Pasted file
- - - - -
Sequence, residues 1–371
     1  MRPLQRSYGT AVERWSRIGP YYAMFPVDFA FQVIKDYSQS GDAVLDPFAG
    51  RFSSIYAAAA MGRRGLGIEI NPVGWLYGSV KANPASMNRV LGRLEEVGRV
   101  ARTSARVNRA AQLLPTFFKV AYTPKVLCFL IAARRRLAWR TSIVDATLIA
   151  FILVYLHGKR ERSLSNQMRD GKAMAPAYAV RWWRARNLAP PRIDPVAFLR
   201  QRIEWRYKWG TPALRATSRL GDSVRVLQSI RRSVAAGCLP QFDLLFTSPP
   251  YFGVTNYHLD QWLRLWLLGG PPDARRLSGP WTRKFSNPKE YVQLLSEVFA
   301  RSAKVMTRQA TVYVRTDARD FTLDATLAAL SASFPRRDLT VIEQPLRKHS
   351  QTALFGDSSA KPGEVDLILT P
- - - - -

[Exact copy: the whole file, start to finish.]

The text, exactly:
Sequence, residues 1–371
     1  MRPLQRSYGT AVERWSRIGP YYAMFPVDFA FQVIKDYSQS GDAVLDPFAG
    51  RFSSIYAAAA MGRRGLGIEI NPVGWLYGSV KANPASMNRV LGRLEEVGRV
   101  ARTSARVNRA AQLLPTFFKV AYTPKVLCFL IAARRRLAWR TSIVDATLIA
   151  FILVYLHGKR ERSLSNQMRD GKAMAPAYAV RWWRARNLAP PRIDPVAFLR
   201  QRIEWRYKWG TPALRATSRL GDSVRVLQSI RRSVAAGCLP QFDLLFTSPP
   251  YFGVTNYHLD QWLRLWLLGG PPDARRLSGP WTRKFSNPKE YVQLLSEVFA
   301  RSAKVMTRQA TVYVRTDARD FTLDATLAAL SASFPRRDLT VIEQPLRKHS
   351  QTALFGDSSA KPGEVDLILT P